Indigenous stories told by indigenous people.
Why is this such a novelty, especially in the world of cinema? For years, Blackfeet visual artist Lauren Monroe Jr. has been observing “the world using a lens to capture our stories and our understanding of life.”
Now, it’s his turn.
He has written a script for a new short film, “Kills Last,” which tells the story of four Blackfeet hunters surviving 20 years after the apocalypse. Monroe calls it a “fantasy adventure film.”
He plans to shoot it in July on the Blackfeet Reservation in Montana and has recruited Blackfeet tribal members and others, some who are working on the international film scene. Eddie Roqueta, an Emmy-winning documentary filmmaker who received his MFA in filmmaking from Montana State University, will serve as director of photography. Another MSU film grad, Jennings Barmore, is producing the film.
Here’s the most exciting part of the project — the dialogue is mostly in the Blackfeet or Piikani language with English subtitles. One of his four actors is Preston Spotted Eagle, a member of the Blackfeet Tribe and a devout believer in his native culture and language.
“He’s well versed in our tribal customs and history, and serves as a perfect example of our culture being passed down,” Monroe said.
Trevor Spotted Eagle, who grew up on the Blackfeet Reservation and earned a filmmaking degree in Arizona, is camera supervisor.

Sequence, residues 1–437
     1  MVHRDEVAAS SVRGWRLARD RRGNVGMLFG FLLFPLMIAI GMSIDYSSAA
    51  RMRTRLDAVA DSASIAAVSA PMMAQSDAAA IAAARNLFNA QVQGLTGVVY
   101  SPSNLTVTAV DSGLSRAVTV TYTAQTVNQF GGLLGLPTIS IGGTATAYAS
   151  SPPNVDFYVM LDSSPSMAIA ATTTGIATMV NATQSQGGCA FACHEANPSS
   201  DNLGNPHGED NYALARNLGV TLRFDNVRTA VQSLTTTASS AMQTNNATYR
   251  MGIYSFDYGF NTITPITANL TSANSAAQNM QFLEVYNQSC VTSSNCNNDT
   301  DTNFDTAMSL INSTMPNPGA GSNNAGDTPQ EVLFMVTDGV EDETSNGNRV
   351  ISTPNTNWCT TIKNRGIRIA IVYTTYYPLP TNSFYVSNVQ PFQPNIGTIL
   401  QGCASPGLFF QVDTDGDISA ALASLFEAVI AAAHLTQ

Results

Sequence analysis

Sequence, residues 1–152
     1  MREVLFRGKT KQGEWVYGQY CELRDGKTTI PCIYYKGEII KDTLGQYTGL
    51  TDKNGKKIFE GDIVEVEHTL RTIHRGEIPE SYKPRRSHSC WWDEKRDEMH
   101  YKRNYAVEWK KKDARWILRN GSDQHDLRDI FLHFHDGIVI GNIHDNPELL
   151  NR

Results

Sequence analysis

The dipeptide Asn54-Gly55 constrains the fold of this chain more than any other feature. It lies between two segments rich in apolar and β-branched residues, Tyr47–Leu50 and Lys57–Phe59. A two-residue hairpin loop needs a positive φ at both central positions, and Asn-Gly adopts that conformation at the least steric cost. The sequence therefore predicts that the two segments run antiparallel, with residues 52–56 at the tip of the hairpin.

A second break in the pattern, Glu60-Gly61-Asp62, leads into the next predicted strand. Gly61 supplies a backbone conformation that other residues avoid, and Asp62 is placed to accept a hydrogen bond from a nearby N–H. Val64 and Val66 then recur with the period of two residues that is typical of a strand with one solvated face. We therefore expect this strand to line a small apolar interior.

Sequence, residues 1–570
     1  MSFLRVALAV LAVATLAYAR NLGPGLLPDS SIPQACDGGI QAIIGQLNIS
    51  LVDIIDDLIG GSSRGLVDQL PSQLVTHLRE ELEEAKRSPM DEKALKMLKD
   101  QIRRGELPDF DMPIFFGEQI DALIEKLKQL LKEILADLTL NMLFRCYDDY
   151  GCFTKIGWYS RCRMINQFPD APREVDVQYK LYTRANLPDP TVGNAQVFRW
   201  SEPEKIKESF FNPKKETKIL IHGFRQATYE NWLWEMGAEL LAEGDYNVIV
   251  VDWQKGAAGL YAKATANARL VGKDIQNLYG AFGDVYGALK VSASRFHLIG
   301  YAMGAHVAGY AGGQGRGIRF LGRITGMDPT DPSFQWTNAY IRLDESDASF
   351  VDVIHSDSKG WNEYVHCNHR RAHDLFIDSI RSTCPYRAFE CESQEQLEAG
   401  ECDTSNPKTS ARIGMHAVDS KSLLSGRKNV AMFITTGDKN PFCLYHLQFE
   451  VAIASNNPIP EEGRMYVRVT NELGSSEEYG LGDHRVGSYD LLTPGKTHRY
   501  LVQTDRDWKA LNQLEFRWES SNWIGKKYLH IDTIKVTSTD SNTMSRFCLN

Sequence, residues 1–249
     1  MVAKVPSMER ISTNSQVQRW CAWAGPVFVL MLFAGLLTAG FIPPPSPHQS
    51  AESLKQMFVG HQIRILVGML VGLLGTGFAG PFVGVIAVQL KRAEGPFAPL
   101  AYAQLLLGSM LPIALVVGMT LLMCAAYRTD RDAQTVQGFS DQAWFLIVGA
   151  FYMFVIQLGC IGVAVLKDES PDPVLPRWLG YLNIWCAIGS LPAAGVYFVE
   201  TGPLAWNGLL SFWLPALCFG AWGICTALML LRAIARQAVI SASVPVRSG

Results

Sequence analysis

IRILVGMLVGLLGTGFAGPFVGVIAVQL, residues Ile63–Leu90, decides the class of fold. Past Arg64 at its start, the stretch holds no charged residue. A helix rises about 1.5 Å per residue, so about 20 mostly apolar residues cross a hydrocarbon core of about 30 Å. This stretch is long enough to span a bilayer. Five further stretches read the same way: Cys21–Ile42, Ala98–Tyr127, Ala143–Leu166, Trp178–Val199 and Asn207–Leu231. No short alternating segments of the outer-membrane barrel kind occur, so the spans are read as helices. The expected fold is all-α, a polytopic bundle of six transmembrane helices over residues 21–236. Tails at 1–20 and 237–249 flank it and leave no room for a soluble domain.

“It’s up to us to tell an authentic and compelling story in our language,” Monroe said.
Monroe grew up in Browning on the Blackfeet Reservation and is a celebrated Montana artist. He is co-creator of the Creative Indigenous Collective, an indigenous collective made up of visual artists in Montana, Wyoming, and South Dakota. After graduating from the University of Montana, he returned to Browning where he is working on his MFA in screenwriting in a low-residency program at the Institute of American Indian Art in Santa Fe, N.M.
Plans are to expand this 15- to 18-minute film into a feature film. His initial goal is get the short film in front of audiences and into film festivals, and build from there.
Monroe feels it's refreshing to have someone straight from his homeland tell a Blackfeet story that incorporates cultural elements.
“This is reminiscent of our coup stories passed down through the generations,” Monroe said.
Even though the script is fiction, the characters are authentic because Monroe said he worked to marry his "culture with what the Blackfeet world would look like after the apocalypse.”
“It’s a nice combination of traditional imagery and language. You have these interesting conceptions and different combination of things that make you wonder how they can continue and regrow their culture.”
Monroe has set up an IndieGogo campaign to raise $7,500 for the film. Investors who donate as little as $10 get a digital copy of the film and a copy of the script. The fundraising campaign expires on June 19.
Even though this is Monroe’s first film to write and direct, he has worked on several other films, most notably “Winter in the Blood," which brought Blackfeet author James Welch's novel to the big screen.
Monroe's film takes storytelling to the next level with his artistic eye and penchant for authenticity.